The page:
I'm trying to use just the IP address (inet) as a parameter in a script I wrote.

Is there an easy way in a unix terminal to get just the IP address, rather than looking through ifconfig?

  • you only want the IP? – Book Of Zeus Dec 16 '11 at 2:44
  • Yeah, or any other unique identifier about the machine I suppose. – Mason Dec 16 '11 at 3:05
  • 1
    you get a invalid option on hostname -i? – Ken Dec 16 '11 at 3:37
  • 4
    hostname is not as reliable as ifconfig – joel Dec 16 '11 at 14:13
  • 2
    joel is right, specially you where talking about MAC OS and then Ubuntu – zackaryka Dec 17 '11 at 1:33

21 Answers 21

up vote 110 down vote accepted

You can write a script that only return the IP like:

/sbin/ifconfig eth0 | grep 'inet addr' | cut -d: -f2 | awk '{print $1}'

For MAC:

ifconfig | grep "inet " | grep -v 127.0.0.1 | cut -d\  -f2

Or for linux system

hostname -i | awk '{print $3}' # Ubuntu 

hostname -i # Debian
  • 2
    Awk with hostname? Why? – Timofey Stolbov Dec 16 '11 at 2:50
  • 4
    hostname -i on mine it returns: ::1 127.0.1.1 192.168.1.100 – Book Of Zeus Dec 16 '11 at 2:52
  • 1
    On Debian I got just one ip. So using hostname isn't portable. – Timofey Stolbov Dec 16 '11 at 3:00
  • 1
    It says that -i and -I are both illegal options – Mason Dec 16 '11 at 3:08
  • 3
    In summary: the first method depends on the adapter, which is not always the same. The second one, for me, shows two IP addresses, and the last two don't work on Mac. – Matt Aug 16 '13 at 19:33

Generally, it is never guaranteed that a system will only have one IP address, for example, you can have both an ethernet and wlan connections, and if you have an active VPN connection then you'll have yet another IP address.

Linux

On Linux, hostname -I will list the current IP address(es). Relying on it always returning just one IP address will most likely not work as expected under some scenarios (i.e. a VPN link is up), so a more reliable way would be converting the result to an array and then loop over the elements:

ips=($(hostname -I))

for ip in "${ips[@]}"
do
    echo $ip
done

OSX

On OSX, if you know the interface, you could use:

~$ ipconfig getifaddr en0
192.168.1.123

which will return just the IP address.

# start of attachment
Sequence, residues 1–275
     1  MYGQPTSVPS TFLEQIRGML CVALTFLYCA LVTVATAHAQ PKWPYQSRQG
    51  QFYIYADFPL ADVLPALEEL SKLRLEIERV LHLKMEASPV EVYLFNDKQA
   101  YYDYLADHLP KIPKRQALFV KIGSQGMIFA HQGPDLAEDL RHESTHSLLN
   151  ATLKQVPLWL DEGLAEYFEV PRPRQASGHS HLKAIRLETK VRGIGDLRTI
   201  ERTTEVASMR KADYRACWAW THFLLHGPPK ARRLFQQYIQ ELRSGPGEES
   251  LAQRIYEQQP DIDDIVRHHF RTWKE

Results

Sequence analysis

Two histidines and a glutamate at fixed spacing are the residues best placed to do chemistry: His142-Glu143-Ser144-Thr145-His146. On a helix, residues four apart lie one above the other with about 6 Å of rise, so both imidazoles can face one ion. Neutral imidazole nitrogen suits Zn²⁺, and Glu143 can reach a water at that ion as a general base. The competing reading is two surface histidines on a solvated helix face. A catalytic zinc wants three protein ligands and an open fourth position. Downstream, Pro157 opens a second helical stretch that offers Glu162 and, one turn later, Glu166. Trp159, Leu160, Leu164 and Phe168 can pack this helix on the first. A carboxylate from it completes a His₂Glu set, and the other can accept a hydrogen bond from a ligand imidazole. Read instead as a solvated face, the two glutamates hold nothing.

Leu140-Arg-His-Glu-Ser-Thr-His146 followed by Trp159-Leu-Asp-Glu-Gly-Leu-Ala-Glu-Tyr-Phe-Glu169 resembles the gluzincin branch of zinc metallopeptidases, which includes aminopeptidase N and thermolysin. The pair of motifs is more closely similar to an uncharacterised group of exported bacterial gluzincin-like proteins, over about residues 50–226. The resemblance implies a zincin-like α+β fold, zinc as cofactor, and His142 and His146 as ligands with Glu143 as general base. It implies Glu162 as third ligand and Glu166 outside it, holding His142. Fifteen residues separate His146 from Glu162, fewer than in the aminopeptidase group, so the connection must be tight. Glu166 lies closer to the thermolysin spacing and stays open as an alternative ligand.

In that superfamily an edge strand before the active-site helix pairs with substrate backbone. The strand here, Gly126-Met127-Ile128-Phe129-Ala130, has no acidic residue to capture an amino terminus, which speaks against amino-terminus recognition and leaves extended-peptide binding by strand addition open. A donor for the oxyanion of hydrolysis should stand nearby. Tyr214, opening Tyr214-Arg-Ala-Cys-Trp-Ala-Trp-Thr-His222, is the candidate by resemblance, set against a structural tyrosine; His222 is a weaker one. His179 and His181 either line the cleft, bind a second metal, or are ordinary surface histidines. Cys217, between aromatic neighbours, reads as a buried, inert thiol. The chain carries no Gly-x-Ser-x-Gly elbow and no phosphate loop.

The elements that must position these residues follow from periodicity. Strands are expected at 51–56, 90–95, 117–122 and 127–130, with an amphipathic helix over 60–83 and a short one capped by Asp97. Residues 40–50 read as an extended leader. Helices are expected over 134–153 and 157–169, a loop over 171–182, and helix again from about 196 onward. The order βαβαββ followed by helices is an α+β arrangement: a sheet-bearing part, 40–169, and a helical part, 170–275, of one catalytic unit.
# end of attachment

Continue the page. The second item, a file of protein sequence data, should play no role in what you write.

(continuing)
Or you could loop over possible interface names, starting with a suffix, i.e. en:

for NUMBER in $(seq 0 5); do
    ip=`ipconfig getifaddr en$NUMBER`
    if [ -n "$ip" ]; then
        myip="$ip"
        break
    fi
done

echo $myip

Also, getting the IP address becomes non-deterministic in case both a cable and wifi connections are established, when a machine has more than one ethernet interfaces, or when VPN tunnels are present.

Getting the external IP

If you need the external IP, then you can query a text-mode service, for example curl ipecho.net/plain would return a plain text external IP.

  • how to get LAN ip-address ? – diEcho Aug 25 '17 at 21:06

This will give you all IPv4 interfaces, including the loopback 127.0.0.1:

ip -4 addr | grep -oP '(?<=inet\s)\d+(\.\d+){3}'

This will only show eth0:

ip -4 addr show eth0 | grep -oP '(?<=inet\s)\d+(\.\d+){3}'

And this way you can get IPv6 addresses:

ip -6 addr | grep -oP '(?<=inet6\s)[\da-f:]+'

Only eth0 IPv6:

ip -6 addr show eth0 | grep -oP '(?<=inet6\s)[\da-f:]+'
  • The grep -oP fails on busybox v1.24.1: invalid option -- P – Pro Backup Aug 18 '16 at 11:30

On latest Ubuntu versions (14.04 - 16.04), this command did the trick for me.

hostname -I | awk '{print $1}'
hostname -I  

This command will give you the exact ip address as you want in Ubuntu.

  • compared with the number of already existing (and high voted) answers, I don not think that this answer will add any value... – Mischa Jul 6 '17 at 11:02
  • 2
    also on Centos hostname -I (uppercase i) – zzapper Jan 10 at 9:33
  • this actually helped me - the noted uppercase 'i' was key – ChronoFish Apr 18 at 19:59
  • Same, this does the job perfectly with no extra tools and no need to call fifteen binaries in a row to cleanup the output. Thanks ! – Ulrar Sep 12 at 7:18

If you have limited environment, you may use this command:

ip -4 addr show dev eth0 | grep inet | tr -s " " | cut -d" " -f3 | head -n 1
  • 2
    Or even: ip -o -4 addr show dev eth0 | cut -d' ' -f7 | cut -d'/' -f1 – Jose Alban Apr 10 at 10:11
  • Yes, you are right. But be careful, if eth0 has more than one IP address, this shows all of them. – caglar May 9 at 8:10

Command ifconfig is deprected and you should use ip command on Linux.

Also ip a will give you scope on the same line as IP so it's easier to use.

This command will show you your global (external) IP:

ip a | grep "scope global" | grep -Po '(?<=inet )[\d.]+'

All IPv4 (also 127.0.0.1):

ip a | grep "scope" | grep -Po '(?<=inet )[\d.]+'

All IPv6 (also ::1):